Wednesday, August 04, 2010

Last day in Penang.

I start my 48 hour trek home tomorrow morning. Air travel is crazy. My taxi (or Teksi, as it is spelled here) comes at 5:30 tomorrow morning, then I catch a 7:40 flight to Hong Kong where I will spend the majority of Thursday. My flight leaves Hong Kong at 24:30, which gives me 12 full hours in the Hong Kong airport. I am flying business again, so I intend to sprawl in the business lounge eating noodles and drinking free alcohol. I will also probably sleep a lot in anticipation of losing a day somewhere in here. I get two 5ths of August and two 6th, apparently. Then we fly to Vancouver, where I don't think I get off the plane, and then on to JFK. Then I have five hours to get to LaGuardia, and from there it is four hours to home.

I cannot wait.

Today, we did not get dosai for breakfast. This is a big deal since we have gotten dosai for breakfast the last three days. I suppose, technically, I had roti bom for breakfast yesterday, but we did walk across the street to S.A.B. and my dad got dosai so it counts. Dosai is maybe my current favorite thing. I am going to miss it.

An explanation!
Here, at least, there are essentially two different options for Indian breakfasts. Roti and dosai. Roti is a wheat flat cake and dosai is a flat cake made of rice and/or fermented lentils. Think of it as sourdough. If you've ever had Ethiopian sourdough then you are thinking of the right sort of thing. It's crispy though, not spongy. Both are cooked on a large, flat grill-like surface. You can, of course, get them lots of different ways. Roti canai (pronounced CHa-nai, in Malaysia C = CH) is the basic flat cake. We usually get roti celur (which may or may not be spelled like that) which is roti with egg. They're sort of scrambled together usually and it is amazing. At S.A.B. the egg seems to be poached in the middle of the roti, which is strange. I only recently discovered roti bom, which saddens me. Somehow, they make the roti and then, as it cooks on the grill they fill it with sweetened condensed milk so that it sort of puffs up. The insides are sticky and gooey and the outsides are fried crispy and the whole thing makes me want to die. It is incredible.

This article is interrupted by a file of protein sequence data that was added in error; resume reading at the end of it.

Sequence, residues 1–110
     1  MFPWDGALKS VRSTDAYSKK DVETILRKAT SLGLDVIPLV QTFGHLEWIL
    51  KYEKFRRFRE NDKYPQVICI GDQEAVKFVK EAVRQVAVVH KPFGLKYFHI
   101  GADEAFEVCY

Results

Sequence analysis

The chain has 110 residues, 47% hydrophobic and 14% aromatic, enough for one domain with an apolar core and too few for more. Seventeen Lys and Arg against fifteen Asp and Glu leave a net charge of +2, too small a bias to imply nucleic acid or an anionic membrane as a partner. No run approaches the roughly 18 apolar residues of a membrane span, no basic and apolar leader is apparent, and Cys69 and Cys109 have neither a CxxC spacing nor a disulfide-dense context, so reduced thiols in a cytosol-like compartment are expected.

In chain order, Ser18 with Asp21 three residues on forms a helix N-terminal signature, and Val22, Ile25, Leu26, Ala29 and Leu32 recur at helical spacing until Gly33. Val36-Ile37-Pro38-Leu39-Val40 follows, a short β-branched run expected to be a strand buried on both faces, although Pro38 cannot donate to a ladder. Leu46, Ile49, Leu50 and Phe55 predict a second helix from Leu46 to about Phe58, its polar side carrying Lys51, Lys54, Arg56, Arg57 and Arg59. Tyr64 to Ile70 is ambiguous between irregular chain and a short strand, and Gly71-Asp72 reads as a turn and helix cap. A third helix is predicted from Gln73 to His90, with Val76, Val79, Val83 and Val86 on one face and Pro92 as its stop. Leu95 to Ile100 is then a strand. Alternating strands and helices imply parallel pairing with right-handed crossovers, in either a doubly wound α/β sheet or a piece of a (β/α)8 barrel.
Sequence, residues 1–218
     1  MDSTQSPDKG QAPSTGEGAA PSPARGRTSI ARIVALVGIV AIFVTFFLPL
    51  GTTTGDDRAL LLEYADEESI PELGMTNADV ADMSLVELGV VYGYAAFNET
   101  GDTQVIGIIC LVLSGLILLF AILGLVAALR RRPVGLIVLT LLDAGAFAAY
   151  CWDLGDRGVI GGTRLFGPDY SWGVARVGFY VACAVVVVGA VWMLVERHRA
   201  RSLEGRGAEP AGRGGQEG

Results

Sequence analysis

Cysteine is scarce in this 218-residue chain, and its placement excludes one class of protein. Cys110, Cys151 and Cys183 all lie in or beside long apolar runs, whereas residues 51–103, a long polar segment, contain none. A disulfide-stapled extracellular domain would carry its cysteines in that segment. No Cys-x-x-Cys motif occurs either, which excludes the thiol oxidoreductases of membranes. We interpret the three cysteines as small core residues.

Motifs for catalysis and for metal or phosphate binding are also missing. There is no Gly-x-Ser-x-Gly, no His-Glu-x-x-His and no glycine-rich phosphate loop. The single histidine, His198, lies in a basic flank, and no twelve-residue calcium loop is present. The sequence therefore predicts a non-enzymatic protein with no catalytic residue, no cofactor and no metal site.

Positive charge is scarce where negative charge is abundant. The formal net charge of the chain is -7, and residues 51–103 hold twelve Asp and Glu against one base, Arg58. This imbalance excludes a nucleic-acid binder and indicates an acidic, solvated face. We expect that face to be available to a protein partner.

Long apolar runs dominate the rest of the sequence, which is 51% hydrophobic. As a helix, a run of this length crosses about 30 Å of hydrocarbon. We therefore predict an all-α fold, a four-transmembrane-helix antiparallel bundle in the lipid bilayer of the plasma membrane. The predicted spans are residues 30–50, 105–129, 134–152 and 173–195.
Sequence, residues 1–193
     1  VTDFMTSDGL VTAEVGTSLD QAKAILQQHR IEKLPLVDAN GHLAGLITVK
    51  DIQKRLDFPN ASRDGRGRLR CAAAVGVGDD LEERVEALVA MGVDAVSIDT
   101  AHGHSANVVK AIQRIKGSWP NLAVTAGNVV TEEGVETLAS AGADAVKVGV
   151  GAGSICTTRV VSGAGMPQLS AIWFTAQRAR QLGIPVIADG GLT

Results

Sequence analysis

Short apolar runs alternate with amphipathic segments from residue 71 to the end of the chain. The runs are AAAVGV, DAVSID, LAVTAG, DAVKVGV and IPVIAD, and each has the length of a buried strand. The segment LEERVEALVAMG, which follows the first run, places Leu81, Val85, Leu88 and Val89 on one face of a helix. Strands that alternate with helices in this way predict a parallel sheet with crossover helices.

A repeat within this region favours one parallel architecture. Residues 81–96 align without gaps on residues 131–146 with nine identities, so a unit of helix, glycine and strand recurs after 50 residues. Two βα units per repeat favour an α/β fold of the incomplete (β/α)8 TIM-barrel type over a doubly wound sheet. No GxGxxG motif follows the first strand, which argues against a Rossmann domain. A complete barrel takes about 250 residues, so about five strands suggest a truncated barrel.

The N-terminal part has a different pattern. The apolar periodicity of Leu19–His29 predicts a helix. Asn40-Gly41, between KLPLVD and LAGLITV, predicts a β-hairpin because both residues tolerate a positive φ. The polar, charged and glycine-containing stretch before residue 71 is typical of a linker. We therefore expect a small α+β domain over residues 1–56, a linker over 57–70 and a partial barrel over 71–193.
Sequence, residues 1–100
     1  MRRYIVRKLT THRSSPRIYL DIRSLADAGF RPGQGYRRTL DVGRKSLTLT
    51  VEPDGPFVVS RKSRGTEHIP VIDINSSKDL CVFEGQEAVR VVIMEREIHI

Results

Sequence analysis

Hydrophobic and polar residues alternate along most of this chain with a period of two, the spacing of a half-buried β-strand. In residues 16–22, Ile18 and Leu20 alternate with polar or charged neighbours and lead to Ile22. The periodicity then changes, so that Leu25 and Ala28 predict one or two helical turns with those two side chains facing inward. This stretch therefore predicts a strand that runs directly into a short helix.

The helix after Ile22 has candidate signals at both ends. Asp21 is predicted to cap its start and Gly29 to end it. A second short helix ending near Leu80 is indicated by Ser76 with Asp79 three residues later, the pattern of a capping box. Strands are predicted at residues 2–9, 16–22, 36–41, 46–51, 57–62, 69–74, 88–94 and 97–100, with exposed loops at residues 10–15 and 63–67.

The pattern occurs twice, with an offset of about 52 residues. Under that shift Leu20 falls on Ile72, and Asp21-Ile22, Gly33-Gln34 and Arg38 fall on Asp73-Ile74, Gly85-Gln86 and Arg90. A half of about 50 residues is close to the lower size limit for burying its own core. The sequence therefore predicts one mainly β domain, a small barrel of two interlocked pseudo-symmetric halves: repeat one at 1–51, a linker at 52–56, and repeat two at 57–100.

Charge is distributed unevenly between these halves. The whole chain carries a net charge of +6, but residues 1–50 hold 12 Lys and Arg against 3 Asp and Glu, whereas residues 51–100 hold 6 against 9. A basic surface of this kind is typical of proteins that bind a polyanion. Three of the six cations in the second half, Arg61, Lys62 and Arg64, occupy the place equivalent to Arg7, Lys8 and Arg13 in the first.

Dosai is larger, usually just fried on one side and then looped over in a delicious cylindrical shape. I enjoy dosai made with ghee, which is clarified butter and tastes amazing. Both dosai and roti are served with dahl which, depending on the place, can be the best part.

Ah, breakfast.

Today is rained outrageously. I went to the pool and swam my half mile before the heavens opened up and the earth was soaked. I was supposed to go get some major henna done this evening, in expectation of my departure (and to come home looking like an Indian bride, apparently. They were quite taken with that idea), but they've had to cancel so I will have to do without. Goodbye Indian friends! All in all, this last day isn't looking like I thought it would However, all said and done and told, a good last day.


Donnell said...

We've missed you.

Davie said...

Buen viaje! I've enjoyed reading about your Malaysian summer so muchly.